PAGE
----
Web lists-archives.com

Re: iCloud

In <news:I_KdnS7GpYej0kzFnZ2dnUU7-eednZ2d@xxxxxxxxxxx>,
"Wolf K." <wolfmac@xxxxxxxxxxxx> wrote:

> On 2017-03-21 11:31, Disaster Master wrote:
> > On 3/21/2017, 10:41:18 AM, Wolf K. <wolfmac@xxxxxxxxxxxx> wrote:  
> >> On 2017-03-21 10:07, Disaster Master wrote:
> >> [...]  
> >>> The main amendment that demolished States Rights was the 17th
> >>> amendment.  
> >> It's about how the States elect their Senators. As I understand
> >> it, it expands on and clarifies the first sentence of Article 3
> >> (which it quotes). How does that infringe on States' Rights?  
> >
> > It didn't clarify anything, it completely changed the process.
> >
> > Senators used to be appointed by the State Legislatures - and more
> > importantly, could be recalled/replaced at any time at the pleasure
> > of the Legislature.  
> I was under the impression that different States had different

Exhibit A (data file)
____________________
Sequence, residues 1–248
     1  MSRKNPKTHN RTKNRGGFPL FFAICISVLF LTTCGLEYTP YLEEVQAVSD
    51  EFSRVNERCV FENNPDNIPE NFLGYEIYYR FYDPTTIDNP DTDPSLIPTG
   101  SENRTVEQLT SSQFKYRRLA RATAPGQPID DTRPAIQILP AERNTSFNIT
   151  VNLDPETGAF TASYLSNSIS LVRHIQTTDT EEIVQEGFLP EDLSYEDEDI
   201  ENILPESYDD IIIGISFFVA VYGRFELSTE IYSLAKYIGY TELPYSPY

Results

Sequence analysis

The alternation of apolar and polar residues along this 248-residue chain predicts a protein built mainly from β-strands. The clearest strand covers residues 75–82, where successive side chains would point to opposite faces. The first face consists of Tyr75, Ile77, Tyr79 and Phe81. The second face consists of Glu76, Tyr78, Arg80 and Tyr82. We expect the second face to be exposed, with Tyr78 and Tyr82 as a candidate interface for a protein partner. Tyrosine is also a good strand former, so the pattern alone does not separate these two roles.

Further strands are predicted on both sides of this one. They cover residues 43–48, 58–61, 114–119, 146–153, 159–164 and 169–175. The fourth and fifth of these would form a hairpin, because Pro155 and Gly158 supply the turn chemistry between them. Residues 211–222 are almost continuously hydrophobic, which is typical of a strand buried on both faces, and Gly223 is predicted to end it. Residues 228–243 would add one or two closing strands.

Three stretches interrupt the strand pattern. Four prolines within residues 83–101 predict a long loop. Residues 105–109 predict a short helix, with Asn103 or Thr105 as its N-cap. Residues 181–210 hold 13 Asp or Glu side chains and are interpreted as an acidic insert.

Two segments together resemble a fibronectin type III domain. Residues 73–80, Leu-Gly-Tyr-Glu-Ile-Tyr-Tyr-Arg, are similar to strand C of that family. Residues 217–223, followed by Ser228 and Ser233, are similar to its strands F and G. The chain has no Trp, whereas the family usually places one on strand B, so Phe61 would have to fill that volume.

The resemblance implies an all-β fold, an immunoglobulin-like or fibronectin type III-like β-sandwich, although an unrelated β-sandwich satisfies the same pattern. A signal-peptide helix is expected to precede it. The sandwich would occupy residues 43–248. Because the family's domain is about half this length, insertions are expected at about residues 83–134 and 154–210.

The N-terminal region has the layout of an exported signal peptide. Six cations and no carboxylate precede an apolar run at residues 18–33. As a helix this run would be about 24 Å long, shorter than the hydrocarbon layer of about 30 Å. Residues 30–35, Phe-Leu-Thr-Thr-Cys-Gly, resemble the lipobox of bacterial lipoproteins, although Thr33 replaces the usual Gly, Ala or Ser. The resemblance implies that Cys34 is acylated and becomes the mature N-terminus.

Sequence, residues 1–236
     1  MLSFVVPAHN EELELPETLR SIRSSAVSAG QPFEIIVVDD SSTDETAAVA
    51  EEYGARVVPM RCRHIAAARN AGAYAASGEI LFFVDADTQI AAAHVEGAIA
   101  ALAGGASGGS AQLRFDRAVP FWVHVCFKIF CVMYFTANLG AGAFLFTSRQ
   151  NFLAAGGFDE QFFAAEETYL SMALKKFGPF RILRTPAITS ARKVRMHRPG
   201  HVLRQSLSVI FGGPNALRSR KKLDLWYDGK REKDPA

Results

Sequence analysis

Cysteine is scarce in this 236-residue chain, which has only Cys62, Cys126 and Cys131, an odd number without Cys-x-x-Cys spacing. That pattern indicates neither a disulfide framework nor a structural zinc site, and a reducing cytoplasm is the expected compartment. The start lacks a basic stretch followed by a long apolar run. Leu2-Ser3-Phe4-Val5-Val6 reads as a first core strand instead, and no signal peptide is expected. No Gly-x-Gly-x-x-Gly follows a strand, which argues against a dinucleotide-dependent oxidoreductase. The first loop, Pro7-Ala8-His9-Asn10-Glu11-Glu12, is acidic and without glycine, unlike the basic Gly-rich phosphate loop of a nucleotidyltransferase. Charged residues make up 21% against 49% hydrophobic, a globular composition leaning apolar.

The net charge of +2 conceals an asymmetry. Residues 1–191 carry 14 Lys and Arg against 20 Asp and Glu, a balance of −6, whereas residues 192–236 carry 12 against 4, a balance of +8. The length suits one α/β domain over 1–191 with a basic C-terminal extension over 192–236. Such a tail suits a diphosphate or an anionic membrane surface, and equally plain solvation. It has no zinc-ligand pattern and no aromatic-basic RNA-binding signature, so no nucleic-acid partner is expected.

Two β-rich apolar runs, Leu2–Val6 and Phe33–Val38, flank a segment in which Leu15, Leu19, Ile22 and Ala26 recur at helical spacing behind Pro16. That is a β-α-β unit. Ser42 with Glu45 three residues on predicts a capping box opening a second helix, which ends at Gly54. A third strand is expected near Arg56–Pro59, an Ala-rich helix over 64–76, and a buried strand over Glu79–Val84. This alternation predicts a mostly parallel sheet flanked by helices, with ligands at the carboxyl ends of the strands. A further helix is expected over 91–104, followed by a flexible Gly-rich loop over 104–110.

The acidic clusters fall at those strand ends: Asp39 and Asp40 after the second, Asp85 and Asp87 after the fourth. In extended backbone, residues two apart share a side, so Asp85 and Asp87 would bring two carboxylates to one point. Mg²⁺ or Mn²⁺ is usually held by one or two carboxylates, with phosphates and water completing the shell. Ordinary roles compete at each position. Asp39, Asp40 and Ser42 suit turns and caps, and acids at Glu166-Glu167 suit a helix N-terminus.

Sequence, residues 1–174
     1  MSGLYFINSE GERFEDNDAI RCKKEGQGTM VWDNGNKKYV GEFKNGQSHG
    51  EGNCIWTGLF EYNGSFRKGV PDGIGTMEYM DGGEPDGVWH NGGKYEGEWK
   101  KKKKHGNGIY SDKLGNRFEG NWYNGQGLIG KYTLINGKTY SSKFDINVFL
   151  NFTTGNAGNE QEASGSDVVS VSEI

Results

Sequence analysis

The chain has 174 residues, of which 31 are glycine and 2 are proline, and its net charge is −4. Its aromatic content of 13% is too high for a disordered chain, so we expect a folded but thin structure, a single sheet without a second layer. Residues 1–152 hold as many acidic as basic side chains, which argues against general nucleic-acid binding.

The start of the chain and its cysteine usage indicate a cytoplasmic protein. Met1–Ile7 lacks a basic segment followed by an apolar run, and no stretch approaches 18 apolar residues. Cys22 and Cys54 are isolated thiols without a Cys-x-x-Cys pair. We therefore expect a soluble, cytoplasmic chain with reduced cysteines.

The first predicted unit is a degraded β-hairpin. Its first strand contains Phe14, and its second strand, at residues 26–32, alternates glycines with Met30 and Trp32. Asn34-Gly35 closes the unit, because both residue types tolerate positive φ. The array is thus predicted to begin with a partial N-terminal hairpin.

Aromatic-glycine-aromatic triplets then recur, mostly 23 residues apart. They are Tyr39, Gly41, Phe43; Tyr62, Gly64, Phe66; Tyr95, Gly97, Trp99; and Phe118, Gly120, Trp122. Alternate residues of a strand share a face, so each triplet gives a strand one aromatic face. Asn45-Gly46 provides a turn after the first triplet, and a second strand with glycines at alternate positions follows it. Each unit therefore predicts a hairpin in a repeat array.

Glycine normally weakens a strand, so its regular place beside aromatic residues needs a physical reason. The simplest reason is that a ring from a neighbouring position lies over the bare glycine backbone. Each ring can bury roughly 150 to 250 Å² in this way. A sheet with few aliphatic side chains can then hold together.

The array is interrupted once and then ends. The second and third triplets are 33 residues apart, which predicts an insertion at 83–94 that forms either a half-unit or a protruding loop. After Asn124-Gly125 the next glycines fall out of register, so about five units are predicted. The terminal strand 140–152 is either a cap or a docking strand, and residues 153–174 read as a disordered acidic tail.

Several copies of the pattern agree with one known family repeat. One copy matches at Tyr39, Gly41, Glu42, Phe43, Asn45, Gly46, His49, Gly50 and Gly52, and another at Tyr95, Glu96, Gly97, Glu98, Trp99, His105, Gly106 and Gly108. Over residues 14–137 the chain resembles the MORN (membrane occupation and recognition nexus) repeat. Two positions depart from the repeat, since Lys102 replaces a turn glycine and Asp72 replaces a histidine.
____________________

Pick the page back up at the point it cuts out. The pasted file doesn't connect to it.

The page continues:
> processes.

During the few years immediately preceding ratification of the 17th,
as many as 29 states had been binding their legislatures to select U.S.
Senators in accordance with popular referenda.  The impetus for the
17th came from the state legislatures themselves, under pressure from
constituents who were tired of the corruption caused by legislative
selection of Senators.

> > The 17th amendment changed that process to their being elected via
> > popular vote, just like Representatives.
> >
> > This complete eviscerated the States representation in Congress.  
> How? It sounds like you are equating State with State Legislature.

ISTM Disaster has misunderstood badly (again), but the Tea Party has
indeed been trying to cast the pipe-dream of repeal of the 17th as a
states rights issue -- they'd like the state legislatures they control
to be able to recall Senators who ever vote against their interests.

general mailing list